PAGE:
There & Back Again


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There & Back Again

The Cromford Canal, spanning a distance of 14.5 miles (23 km) from Cromford to the Erewash Canal in Derbyshire, England, was constructed by William Jessop and Benjamin Outram. It featured four tunnels and 14 locks along its alignment. In ‘There and Back Again’, Simon Stoker details one of the first Canal restoration projects undertaken in the UK.

Starting from Cromford, it followed the 300-foot (91 m) contour line along the eastern side of the Derwent Valley towards Ambergate, where it turned eastwards along the Amber Valley. The canal then took a sharp turn to cross the valley, passing over the river and the Ambergate to Nottingham road via an aqueduct at Bullbridge. It then headed towards Ripley and proceeded through the Butterley Tunnel, leading it to the Erewash Valley. The Pinxton Branch, which served as a vital route for Nottinghamshire coal via the Erewash, led to the River Trent and Leicester and was the terminus of the Mansfield and Pinxton Railway. The canal’s journey continued to Pye Hill near Ironville, where it met the junction for the Pinxton Branch, and descended through fourteen locks to reach the Erewash Canal at Langley Mill. Subsidence led to the closure of the canal in 1889.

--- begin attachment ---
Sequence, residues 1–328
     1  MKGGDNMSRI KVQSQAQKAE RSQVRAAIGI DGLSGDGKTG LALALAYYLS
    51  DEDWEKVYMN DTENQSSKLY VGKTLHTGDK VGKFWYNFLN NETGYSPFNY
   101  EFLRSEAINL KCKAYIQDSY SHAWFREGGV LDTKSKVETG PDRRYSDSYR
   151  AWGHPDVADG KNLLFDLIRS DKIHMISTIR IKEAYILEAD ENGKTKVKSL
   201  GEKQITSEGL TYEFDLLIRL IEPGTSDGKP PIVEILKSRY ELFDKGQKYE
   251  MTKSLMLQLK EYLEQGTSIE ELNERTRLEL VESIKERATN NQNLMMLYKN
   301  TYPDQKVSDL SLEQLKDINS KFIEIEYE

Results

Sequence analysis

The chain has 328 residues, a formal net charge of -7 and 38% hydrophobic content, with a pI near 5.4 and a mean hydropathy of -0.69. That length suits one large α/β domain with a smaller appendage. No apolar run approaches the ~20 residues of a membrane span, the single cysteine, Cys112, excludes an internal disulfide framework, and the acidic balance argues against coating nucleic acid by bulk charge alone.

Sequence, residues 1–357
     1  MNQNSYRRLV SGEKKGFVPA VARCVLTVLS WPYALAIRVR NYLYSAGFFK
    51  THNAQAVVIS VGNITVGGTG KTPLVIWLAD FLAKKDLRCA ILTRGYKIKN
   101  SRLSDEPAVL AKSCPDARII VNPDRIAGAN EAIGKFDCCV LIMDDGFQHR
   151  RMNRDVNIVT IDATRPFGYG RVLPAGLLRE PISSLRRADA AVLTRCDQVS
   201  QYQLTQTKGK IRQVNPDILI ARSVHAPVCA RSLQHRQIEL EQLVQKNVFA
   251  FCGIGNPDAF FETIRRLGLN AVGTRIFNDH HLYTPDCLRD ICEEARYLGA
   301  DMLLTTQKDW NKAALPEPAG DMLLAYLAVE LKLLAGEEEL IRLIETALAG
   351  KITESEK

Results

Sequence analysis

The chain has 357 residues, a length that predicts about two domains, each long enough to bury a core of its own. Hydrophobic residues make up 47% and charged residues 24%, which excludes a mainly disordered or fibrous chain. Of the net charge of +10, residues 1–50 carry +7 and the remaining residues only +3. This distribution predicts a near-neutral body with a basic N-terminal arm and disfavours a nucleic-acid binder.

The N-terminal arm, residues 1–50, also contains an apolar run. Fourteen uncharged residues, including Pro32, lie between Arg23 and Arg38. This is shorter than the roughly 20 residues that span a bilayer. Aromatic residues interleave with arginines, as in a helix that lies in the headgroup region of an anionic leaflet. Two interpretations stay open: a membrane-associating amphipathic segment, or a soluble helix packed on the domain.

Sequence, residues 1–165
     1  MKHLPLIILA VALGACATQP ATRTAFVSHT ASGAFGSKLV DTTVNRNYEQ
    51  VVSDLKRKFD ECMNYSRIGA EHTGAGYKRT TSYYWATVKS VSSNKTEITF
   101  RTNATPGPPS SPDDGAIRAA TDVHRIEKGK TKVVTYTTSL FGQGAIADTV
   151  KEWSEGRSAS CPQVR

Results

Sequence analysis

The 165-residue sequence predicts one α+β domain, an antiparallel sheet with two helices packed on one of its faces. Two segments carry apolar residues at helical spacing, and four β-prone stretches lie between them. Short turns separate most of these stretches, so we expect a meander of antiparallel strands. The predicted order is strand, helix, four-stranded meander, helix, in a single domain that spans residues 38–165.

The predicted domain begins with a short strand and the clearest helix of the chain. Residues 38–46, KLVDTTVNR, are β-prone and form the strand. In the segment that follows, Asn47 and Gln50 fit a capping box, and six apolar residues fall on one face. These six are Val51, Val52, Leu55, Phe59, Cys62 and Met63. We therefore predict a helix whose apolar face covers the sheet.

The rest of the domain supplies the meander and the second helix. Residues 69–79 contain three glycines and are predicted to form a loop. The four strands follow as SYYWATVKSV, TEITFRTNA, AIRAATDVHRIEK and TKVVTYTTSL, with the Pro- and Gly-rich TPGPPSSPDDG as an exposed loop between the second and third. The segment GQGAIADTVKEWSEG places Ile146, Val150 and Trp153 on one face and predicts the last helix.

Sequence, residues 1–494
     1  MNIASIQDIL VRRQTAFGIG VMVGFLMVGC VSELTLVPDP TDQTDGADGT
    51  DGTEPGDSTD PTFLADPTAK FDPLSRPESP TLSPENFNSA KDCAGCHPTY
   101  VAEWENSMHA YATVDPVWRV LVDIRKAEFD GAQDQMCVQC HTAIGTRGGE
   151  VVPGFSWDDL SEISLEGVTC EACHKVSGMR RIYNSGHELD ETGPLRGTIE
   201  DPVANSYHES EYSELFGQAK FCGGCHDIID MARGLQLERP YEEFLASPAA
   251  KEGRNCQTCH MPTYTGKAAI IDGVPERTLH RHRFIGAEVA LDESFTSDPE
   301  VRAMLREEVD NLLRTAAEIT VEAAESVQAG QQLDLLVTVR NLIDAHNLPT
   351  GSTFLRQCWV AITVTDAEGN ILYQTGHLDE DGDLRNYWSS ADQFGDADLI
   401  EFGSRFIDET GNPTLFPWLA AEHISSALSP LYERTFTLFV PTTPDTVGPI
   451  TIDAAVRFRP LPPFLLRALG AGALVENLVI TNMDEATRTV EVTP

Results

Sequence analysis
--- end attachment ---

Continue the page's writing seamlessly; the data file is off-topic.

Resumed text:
After closure, the canal was taken over by the British Waterways Board and sold to the Derbyshire County Council in 1974. Attempts are being made to restore the canal, and about 5 miles remain ‘in water’.

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Simon Stoker



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